(This article was written by Prof. Cecil Konijnendijk van den Bosch and originally published on LinkedIn on 19 February 2021)
Urban forests provide a wide range of essential benefits. Current global challenges, such as climate change, environmental degradation, and the COVID-19 pandemic, have resulted in increased awareness of the importance of urban trees and green spaces. When working with cities, national governments, and international organisations, I am often asked for specific guidelines for developing successful urban forestry programs. I have mostly declined, because every city is different, which makes it difficult to set transferable targets across various contexts and settings for e.g., urban tree canopy cover.
However, the current state of research and practice, the urgency to green our cities and neighbourhoods, and the call for guidance from decision makers have made me to reconsider. While situations will always be complex and different, and guidelines are not written in stones, I would like to argue for a new rule of thumb for urban forestry and urban greening: the 3-30-300 rule. This rule focuses on the crucial contributions of urban forests and other urban nature to our health and wellbeing. It also recognises that we have to consider many different aspects of the urban forest in order to be successful. It also addresses the need for urban forests to percolate into our living environments. At the same time, it is straightforward to implement and monitor.
3 trees from every home
The first rule is that every citizen should be able to see at least three trees (of a decent size) from their home. Recent research demonstrates the importance of nearby, especially visible, green for mental health and wellbeing. During the COVID-19 pandemic, people have often been bound to their homes or direct neighbourhoods, placing even greater importance on nearby trees and other green in gardens and along streets. The Danish municipality of Frederiksberg has a tree policy that calls for every citizen to see at least one tree from their house or apartment. We should take this one step further.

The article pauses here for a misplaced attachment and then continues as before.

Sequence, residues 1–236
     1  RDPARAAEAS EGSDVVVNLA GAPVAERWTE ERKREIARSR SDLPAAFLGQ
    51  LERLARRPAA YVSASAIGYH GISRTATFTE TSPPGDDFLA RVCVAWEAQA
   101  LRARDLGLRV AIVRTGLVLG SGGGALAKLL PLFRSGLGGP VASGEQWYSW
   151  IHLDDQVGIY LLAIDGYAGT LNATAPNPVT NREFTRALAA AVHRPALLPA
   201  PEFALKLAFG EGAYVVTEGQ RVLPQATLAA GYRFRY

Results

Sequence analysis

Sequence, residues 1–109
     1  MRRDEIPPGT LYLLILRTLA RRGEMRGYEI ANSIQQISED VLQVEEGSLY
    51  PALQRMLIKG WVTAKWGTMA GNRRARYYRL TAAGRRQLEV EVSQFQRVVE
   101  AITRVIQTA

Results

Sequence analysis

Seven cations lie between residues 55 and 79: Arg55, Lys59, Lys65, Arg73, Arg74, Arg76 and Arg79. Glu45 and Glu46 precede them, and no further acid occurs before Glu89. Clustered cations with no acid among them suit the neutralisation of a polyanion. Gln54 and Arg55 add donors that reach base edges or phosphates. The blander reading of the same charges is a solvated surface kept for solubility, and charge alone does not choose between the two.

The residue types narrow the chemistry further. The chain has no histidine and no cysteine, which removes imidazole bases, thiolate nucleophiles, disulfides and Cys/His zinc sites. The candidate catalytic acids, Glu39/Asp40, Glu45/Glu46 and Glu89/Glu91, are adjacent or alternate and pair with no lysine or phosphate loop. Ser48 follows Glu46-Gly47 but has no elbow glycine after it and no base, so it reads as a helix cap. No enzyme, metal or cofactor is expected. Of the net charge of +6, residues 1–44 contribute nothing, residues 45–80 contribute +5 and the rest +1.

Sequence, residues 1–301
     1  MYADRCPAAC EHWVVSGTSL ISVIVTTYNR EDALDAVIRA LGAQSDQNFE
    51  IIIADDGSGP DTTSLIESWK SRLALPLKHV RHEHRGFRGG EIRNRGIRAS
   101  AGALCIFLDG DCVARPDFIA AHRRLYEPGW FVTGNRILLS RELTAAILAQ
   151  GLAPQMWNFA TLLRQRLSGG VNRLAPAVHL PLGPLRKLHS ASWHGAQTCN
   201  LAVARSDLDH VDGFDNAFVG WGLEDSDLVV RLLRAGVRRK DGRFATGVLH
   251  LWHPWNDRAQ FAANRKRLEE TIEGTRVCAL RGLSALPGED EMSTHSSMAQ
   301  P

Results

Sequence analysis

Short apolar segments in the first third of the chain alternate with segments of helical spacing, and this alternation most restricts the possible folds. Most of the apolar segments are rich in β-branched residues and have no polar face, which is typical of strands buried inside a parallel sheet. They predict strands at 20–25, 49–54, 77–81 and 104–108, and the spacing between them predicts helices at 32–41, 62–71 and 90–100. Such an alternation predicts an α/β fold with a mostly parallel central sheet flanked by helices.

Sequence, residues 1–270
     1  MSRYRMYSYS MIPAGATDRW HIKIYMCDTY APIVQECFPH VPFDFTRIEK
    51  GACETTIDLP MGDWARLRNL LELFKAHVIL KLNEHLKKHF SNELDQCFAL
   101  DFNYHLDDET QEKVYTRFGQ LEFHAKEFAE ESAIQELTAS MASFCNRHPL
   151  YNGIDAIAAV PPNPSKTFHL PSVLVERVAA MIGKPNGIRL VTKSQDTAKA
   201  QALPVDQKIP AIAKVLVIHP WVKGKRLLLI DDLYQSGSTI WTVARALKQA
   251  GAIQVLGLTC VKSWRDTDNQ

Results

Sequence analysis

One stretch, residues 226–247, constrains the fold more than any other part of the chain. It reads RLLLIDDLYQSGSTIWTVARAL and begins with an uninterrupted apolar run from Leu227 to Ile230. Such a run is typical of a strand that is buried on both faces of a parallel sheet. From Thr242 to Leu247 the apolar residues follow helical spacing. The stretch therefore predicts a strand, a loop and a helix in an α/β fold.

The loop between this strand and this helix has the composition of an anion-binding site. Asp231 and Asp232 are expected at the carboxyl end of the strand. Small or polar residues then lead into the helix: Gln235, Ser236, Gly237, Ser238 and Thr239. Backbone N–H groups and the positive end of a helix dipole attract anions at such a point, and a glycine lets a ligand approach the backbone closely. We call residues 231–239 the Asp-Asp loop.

30 percent tree canopy cover in every neighbourhood
Studies have shown an association between urban forest canopy and, for example, cooling, better microclimates, mental and physical health, and possibly also reducing air pollution and noise. By creating more leafy neighbourhoods, we also encourage people to spend more time outdoors and to interact with their neighbourhoods (which in turn promotes social health). Many of the most ambitious cities in the world in terms of greening, including Barcelona, Bristol, Canberra, Seattle, and Vancouver, have set a target of achieving 30% canopy cover. At the neighbourhood level, 30 percent should be a minimum, where cities should strive for even higher canopy cover when possible. Where it is difficult for trees to grown and thrive, e.g. in arid climates, the target should be 30% of vegetation.
300 metres from the nearest park or green space
Many studies have highlighted the importance of proximity and easy access to high-quality green space that can be used for recreation. A safe 5-minute walk or 10-minute stroll is often mentioned. The European Regional Office of the World Health Organization recommends a maximum distance of 300 metres to the nearest green space (of at least 1 hectare). This encourages the recreational use of green space with impacts on both physical and mental health. Of course it will be important to work with local context, as the needs in e.g., lower-density suburban areas will be different from those in denser urban areas. But also here efforts need to be made to provide access to high-quality urban green space, e.g., in the form of linear green spaces that double as cycle corridors and walking paths.
Applying the 3-30-300 rule will improve and expand the local urban forest in many cities, and with that promote health, wellbeing, and resilience.
About the author: Professor Cecil Konijnendijk van den Bosch is the Director of the Nature Based Solutions Institute and Program Director (Master of Urban Forestry Leadership) at the University of British Columbia.